Redundancy

With the drop in the milk payout it may be tempting to cut costs by reducing staff numbers.  However, as always with employment, making staff redundant is not as straightforward as it seems.  To avoid an employee taking a personal grievance, employers need to be careful to ensure that they have a genuine commercial reason for making an employee redundant and follow proper process.

There must be a proper commercial reason for the business restructure or downsizing.  The Employment Relations Authority and the Employment Court will determine whether the decision to make a person redundant, and the process taken to reach that decision, was what a fair and reasonable employer would have done in all the circumstances.  The employer must do their homework properly as the Authority and Courts will audit any calculations of cost savings claimed by the employer.

What is redundancy?

Redundancy is where an employer terminates an employee’s employment because the position is no longer required.

When can a person be made redundant?

Two circumstances need to be present in order for a redundancy to occur:

1.     The position must be superfluous to the employer’s needs.

For example, where a larger number of employees are employed than necessary to operate the business efficiently, certain positions may be disestablished.

The position must actually disappear. The employer cannot claim redundancy by changing a job description slightly or employing new employees to undertake the same or a similar position.

2.    The employee must not be at fault

The decision must be about the position and must not be about an individual employee personally.  The employer cannot use redundancy as a means of getting rid of under-performing employees or disciplining employees for misconduct.

What is the process for making a person redundant?

As with terminating an employee’s employment for misconduct, the employer must follow proper process when considering whether to make an employee redundant.  This will usually include the following steps:

(a)   Read the employment agreement

You should always make sure you are familiar with the terms of the employment agreement. This will usually have specific provisions dealing with redundancy process and any entitlements.

(b)  Have a written record of your proposed restructure

To avoid a claim for unjustified dismissal, it is crucial that you have a written record of your proposed restructure, the reasons for the restructure, and the impact on your business and employees. You can use this document as the basis for consultation with your employees.

(c)   Consulting with employees

The duty of good faith requires employers who are proposing to make a decision that is likely to have an adverse effect on the continued employment of an employee to provide the potentially affected employee with:

(i)   Access to information about the decision; and
(ii)  An opportunity to comment before the decision is made.

Consultation is not just notifying employees of a decision. Employers must give employees reasonable notice of the consultation meeting and give employees a reasonable opportunity to state their views.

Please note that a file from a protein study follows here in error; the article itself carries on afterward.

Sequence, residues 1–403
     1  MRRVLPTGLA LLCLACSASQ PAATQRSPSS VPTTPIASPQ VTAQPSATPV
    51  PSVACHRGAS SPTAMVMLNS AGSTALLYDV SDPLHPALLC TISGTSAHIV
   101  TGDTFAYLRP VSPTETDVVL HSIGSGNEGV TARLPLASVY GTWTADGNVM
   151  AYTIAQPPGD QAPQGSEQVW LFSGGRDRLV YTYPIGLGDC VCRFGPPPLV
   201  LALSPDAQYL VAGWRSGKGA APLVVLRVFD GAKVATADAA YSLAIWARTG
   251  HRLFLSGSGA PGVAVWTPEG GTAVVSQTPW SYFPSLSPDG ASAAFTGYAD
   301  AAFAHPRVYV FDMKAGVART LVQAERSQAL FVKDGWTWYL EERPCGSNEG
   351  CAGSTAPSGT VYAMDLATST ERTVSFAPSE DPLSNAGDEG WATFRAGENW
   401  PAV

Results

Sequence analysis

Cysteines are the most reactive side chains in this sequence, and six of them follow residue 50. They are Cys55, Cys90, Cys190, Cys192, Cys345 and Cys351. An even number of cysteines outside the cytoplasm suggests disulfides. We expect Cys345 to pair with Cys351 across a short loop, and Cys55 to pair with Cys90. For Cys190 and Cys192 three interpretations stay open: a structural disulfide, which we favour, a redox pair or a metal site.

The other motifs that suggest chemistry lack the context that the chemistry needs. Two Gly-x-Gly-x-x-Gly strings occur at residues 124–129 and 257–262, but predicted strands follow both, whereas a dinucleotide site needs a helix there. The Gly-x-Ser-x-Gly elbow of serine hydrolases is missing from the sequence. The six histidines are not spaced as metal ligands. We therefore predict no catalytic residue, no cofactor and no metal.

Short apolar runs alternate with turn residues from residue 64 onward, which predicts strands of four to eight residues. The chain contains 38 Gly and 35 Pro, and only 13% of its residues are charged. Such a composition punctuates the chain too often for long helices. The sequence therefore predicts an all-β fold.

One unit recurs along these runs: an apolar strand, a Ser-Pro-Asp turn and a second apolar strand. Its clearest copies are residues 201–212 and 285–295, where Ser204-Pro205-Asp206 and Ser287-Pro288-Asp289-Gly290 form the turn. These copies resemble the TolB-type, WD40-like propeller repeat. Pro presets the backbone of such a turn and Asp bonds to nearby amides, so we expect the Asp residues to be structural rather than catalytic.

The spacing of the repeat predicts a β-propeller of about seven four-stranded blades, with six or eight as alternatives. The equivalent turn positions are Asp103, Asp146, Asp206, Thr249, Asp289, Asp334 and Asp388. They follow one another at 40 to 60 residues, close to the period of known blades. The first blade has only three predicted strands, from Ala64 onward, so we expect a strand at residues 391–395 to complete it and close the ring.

The decision should not be made at the consultation meeting.  The employer should give employees time to consider and respond to the proposals. Employers must have an open mind and must genuinely try to accommodate their employees’ views before making a decision.

Employers should keep a written record of the decision-making process, including consideration of employees’ feedback.  Once a decision is made to disestablish a position, the employer must give written notice to potentially affected employees.  The employer should also offer to meet with the employees to discuss the potential outcomes, such as redundancy.

(d)   Selection for redundancy

Where employers need to select between more than one employee, employers must have clear criteria for selecting who is to be made redundant and must consult with potentially affected employees on the selection process. When deciding which employee to make redundant, the employer may only consider the criteria and cannot take other factors into consideration.

(e)   Alternative positions

Before making an employee redundant, if there is another position available, the employer must consider offering the employee that alternative position, even if the position requires a lower skill set and is lower paid.

(f)   Notifying the employee

Once the employer has made a decision, the employer must give the affected employee written notice along with notice of any contractual entitlements such as compensation.  Again, you should check the terms of the employment agreement to determine how much notice is required and any other requirements.

This is general information only and is not tailored legal advice.  If you are considering a business restructure, please contact BlackmanSpargo for specific advice.

For more information and a step-by-step guide to redundancy see: http://www.business.govt.nz/staff-and-hr/ending-employment/employee-redundancy

For more information on redundancy see: https://www.employment.govt.nz/ending-employment/redundancy/